's vocabulary was very limited.He
described himself as a Kadijeri man, a man in charge of the secret and chief male ceremony of the Gurindji people.He
retold the Dreamtime story of the beginnings of his
people at Seal Gorge near Wattie Creek on the Gurindji tribal lands which were incorporated into the Wave Hill Station.The story is recounted in the corroboree dances of his
people.These lands were a vital part of the identity of Vincent Lingiari
and the Gurindji, by reason of their Dreamtime attachment, their traditional ownership of that country and more recent happenings.
There was a petition sent to a former Governor-General, Lord Casey.Vincent Lingiari
was its first signatory.
Many of those are in the electorate of Lingiari
was a very powerful communicator, despite the fact that he
had difficulty with English.But he
peoples' demands be known when he
Mr SNOWDON -Before being interrupted for question time, I was discussing the role of Vincent Lingiari
as the leader of Gurindji people and his role in ensuring that the nation addressed, after a seven-year strike, the needs of his community for land and the way in which they combated the then mighty forces of Lord Vestey to ensure they got access to country.
I solemnly hand to you these deeds as proof, in Australian law, that these lands belong to the Gurindji people and I put into your hands part of the earth itself as a sign that this land will be the possession of you and your children forever.
remarks, the then Prime Minister poured a handful of Daguragu soil through Vincent Lingiari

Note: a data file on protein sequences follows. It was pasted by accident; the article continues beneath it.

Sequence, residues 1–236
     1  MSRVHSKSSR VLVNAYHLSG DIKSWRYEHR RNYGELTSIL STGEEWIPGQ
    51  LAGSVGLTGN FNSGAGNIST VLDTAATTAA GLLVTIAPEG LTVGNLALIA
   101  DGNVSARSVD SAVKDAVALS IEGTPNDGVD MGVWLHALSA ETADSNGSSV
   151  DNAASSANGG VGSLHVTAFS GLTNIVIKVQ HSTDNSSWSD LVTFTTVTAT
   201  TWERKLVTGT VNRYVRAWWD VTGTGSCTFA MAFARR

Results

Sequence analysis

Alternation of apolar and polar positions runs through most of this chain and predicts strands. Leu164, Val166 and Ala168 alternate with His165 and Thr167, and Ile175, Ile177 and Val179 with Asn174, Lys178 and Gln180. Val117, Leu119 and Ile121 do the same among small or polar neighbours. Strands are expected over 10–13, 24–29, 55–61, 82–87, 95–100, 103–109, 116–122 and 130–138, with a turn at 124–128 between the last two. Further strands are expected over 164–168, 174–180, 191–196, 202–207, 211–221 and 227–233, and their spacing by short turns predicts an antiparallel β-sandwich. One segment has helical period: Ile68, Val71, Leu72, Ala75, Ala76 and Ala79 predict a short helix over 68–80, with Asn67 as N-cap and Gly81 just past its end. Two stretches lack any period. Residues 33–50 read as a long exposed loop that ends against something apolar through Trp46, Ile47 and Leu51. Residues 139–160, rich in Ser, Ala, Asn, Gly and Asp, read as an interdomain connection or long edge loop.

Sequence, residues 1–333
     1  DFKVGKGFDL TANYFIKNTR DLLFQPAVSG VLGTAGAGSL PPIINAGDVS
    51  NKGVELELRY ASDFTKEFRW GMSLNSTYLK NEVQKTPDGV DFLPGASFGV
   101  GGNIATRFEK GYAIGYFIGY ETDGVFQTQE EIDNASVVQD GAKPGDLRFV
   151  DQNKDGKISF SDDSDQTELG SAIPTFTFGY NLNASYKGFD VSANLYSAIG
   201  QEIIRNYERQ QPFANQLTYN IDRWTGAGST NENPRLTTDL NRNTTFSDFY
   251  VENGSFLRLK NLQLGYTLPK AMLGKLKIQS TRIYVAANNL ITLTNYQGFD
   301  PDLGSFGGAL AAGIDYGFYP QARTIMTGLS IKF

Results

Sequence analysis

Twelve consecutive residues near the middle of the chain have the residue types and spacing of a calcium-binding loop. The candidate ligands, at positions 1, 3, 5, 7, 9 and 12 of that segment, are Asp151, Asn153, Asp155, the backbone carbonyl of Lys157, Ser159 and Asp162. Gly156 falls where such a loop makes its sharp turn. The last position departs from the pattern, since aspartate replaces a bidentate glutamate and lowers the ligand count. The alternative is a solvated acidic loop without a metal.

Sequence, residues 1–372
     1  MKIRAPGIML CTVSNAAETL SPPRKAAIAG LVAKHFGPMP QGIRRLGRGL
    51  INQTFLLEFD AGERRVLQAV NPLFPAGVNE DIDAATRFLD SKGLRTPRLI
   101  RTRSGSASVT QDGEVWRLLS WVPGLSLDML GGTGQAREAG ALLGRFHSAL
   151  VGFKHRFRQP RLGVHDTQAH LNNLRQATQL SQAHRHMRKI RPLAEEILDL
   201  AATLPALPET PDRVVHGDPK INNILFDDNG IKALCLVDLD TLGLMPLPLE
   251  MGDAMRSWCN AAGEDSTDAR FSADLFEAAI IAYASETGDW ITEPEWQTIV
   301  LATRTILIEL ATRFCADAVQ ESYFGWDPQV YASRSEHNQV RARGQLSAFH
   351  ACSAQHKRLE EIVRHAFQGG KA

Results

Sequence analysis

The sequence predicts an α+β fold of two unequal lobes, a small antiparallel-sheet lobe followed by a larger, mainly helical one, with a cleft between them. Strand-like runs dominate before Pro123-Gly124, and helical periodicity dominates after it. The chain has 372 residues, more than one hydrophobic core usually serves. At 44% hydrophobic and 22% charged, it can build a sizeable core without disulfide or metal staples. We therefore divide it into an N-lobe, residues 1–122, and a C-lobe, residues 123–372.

's hands.Vincent Lingiari
, having received the crown lease of his
ancestral land with the symbolic handover of the land itself, simply replied, `We are mates now.'
This is a great story in Australian history.It is one that all Australians should learn in order to understand the privations suffered by the Gurindji people during this struggle, this confrontation, with the might of Lord Vestey.Through a seven-year strike, the Gurindji people finally won not only recognition of the injustice that they had suffered but also ultimately the prize: the establishment of the 300,000 square kilometres.
It should be noted that it is not just me or, indeed, the former Governor-General who has acknowledged the heroic deeds of Vincent Lingiari
.It is acknowledged by the most notable of Australian commentators on indigenous affairs-perhaps the one for whom I have the greatest respect, someone with whom I worked for a number of years and co-authored a book-Dr H.C. `Nugget' Coombs.Nugget was a truly great Australian, and I have spoken to this House previously about him.As I said, I was fortunate enough to work with him.He
described Vincent Lingiari
as `a man who, among Aboriginal associates, appears to be recognised more fully than any other I know of as such a leader'.
Be that as it may, Vincent Lingiari
was a leader of his
people in every sense of the word.Vincent Lingiari
was doubtless a great man, and it is with great pride that I represent the community of Lingiari-that is, the people of the seat of Lingiari
, but particularly those descendants of Vincent Lingiari
at Daguragu and Kalkarindji in the Northern Territory.Proudly each year they record a celebration to commemorate the handover and the win, the great victory, that was theirs, which was led by Vincent Lingiari